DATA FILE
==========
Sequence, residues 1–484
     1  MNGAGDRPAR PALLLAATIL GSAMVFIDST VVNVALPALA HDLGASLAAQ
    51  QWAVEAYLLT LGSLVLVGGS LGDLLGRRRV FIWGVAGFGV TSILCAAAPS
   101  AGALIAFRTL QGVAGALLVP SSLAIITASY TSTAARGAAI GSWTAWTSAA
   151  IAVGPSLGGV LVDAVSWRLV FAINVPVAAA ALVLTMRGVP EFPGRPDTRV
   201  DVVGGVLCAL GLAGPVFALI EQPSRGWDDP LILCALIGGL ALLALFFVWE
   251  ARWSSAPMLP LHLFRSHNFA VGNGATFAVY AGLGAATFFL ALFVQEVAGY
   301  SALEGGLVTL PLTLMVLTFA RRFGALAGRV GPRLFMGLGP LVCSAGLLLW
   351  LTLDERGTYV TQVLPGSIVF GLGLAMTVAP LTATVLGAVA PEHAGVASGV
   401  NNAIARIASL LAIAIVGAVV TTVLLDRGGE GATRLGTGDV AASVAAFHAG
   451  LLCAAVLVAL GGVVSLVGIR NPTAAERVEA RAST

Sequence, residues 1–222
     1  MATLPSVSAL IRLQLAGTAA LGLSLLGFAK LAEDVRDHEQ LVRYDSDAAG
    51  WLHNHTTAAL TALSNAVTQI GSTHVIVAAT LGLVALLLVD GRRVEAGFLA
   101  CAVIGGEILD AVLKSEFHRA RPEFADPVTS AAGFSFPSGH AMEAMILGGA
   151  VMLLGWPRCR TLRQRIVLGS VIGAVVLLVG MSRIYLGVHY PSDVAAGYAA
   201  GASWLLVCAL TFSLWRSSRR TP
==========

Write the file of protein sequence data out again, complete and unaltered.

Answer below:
Sequence, residues 1–484
     1  MNGAGDRPAR PALLLAATIL GSAMVFIDST VVNVALPALA HDLGASLAAQ
    51  QWAVEAYLLT LGSLVLVGGS LGDLLGRRRV FIWGVAGFGV TSILCAAAPS
   101  AGALIAFRTL QGVAGALLVP SSLAIITASY TSTAARGAAI GSWTAWTSAA
   151  IAVGPSLGGV LVDAVSWRLV FAINVPVAAA ALVLTMRGVP EFPGRPDTRV
   201  DVVGGVLCAL GLAGPVFALI EQPSRGWDDP LILCALIGGL ALLALFFVWE
   251  ARWSSAPMLP LHLFRSHNFA VGNGATFAVY AGLGAATFFL ALFVQEVAGY
   301  SALEGGLVTL PLTLMVLTFA RRFGALAGRV GPRLFMGLGP LVCSAGLLLW
   351  LTLDERGTYV TQVLPGSIVF GLGLAMTVAP LTATVLGAVA PEHAGVASGV
   401  NNAIARIASL LAIAIVGAVV TTVLLDRGGE GATRLGTGDV AASVAAFHAG
   451  LLCAAVLVAL GGVVSLVGIR NPTAAERVEA RAST

Sequence, residues 1–222
     1  MATLPSVSAL IRLQLAGTAA LGLSLLGFAK LAEDVRDHEQ LVRYDSDAAG
    51  WLHNHTTAAL TALSNAVTQI GSTHVIVAAT LGLVALLLVD GRRVEAGFLA
   101  CAVIGGEILD AVLKSEFHRA RPEFADPVTS AAGFSFPSGH AMEAMILGGA
   151  VMLLGWPRCR TLRQRIVLGS VIGAVVLLVG MSRIYLGVHY PSDVAAGYAA
   201  GASWLLVCAL TFSLWRSSRR TP